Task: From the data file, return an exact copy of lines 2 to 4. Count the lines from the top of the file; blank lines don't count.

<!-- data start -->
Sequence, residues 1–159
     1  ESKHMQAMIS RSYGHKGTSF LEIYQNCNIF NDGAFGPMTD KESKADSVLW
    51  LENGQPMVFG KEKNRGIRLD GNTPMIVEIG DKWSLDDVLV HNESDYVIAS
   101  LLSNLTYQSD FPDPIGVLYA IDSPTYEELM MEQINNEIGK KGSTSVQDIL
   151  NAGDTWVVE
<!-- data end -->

     1  ESKHMQAMIS RSYGHKGTSF LEIYQNCNIF NDGAFGPMTD KESKADSVLW
    51  LENGQPMVFG KEKNRGIRLD GNTPMIVEIG DKWSLDDVLV HNESDYVIAS
   101  LLSNLTYQSD FPDPIGVLYA IDSPTYEELM MEQINNEIGK KGSTSVQDIL